Singapore High Court Refuses to Hear Gay-Sex Ban

One of the last vestiges of colonial rule is increasingly under protest and legal action around the world where the sun once never set on the British Empire. Anti-sodomy laws are getting hearings, sometimes in the street but often in court, in Jamaica, Belize and this week, Singapore.

So far, a judge leading a panel for Singapore's top court has decided it is not for the court to decide but the Parliament. According to Bloomberg, the Judge, Andrew Phang, asked "What's the legal criteria? The court can only listen to one voice, the legal voice."

Three men are trying to overturn the ban saying it is based on 76 year-old old laws based on the particular dislike of a minority by the majority. They say the law is unconstitutional and should not be decided "across the road" at the Parliament, as the judge suggested. The judge said it is a policy decision and not something the high court should be involved in.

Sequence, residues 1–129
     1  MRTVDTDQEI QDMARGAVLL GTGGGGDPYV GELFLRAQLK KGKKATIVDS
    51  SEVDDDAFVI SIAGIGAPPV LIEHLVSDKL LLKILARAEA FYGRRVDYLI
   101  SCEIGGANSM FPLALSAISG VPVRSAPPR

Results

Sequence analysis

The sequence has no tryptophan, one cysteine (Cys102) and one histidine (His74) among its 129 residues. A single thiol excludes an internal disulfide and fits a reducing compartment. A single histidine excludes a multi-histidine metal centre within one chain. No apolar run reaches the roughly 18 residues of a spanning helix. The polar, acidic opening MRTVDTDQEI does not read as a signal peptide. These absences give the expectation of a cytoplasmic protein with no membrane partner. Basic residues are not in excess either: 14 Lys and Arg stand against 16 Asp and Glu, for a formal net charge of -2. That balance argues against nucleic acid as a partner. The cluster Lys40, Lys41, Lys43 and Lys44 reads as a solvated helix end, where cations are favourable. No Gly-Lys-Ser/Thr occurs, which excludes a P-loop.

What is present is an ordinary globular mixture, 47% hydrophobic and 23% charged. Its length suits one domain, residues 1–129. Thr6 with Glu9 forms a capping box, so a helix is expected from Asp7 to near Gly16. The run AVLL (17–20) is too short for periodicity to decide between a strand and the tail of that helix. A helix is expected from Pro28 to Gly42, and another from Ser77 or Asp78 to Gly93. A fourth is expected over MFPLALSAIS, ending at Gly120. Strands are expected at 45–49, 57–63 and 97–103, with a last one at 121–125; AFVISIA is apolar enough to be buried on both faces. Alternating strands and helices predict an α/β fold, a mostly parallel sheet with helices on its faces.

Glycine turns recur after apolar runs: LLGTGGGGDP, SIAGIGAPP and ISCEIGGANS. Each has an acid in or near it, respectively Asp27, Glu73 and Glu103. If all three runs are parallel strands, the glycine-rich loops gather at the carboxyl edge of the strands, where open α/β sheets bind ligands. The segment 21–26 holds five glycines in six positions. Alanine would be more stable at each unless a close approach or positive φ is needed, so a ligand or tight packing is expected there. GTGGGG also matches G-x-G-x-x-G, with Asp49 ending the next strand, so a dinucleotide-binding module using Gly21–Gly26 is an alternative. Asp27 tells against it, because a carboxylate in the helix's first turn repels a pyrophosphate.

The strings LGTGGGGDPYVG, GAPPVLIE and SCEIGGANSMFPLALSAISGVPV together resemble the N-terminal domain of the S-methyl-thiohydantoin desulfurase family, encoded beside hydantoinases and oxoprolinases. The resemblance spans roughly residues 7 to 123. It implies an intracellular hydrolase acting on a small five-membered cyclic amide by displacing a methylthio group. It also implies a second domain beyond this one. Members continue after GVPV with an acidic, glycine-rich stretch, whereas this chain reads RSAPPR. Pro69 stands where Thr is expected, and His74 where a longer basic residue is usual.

A representative of the Attorney General said that social values may or may not have shifted over time but the proper place to decide the issue was in the legislative body. The Parliament declined to overturn the law in 2007.

The hearing fell near to the annual gay pride event in Singapore called Pink Dot which was first held in 2009. This year’s Pink Dot protest was said to have drawn more than 20,000.

JP Morgan Chase has been a sponsor of Pink Dot, which has led to it being criticised by the government. The Singaporean Minister for Social and Family Development said the US-based bank should "respect local culture."

Modern Singapore was founded in 1819 by Sir Stamford Raffles as a trading post for the British East India Company. Singapore declared independence in 1963.


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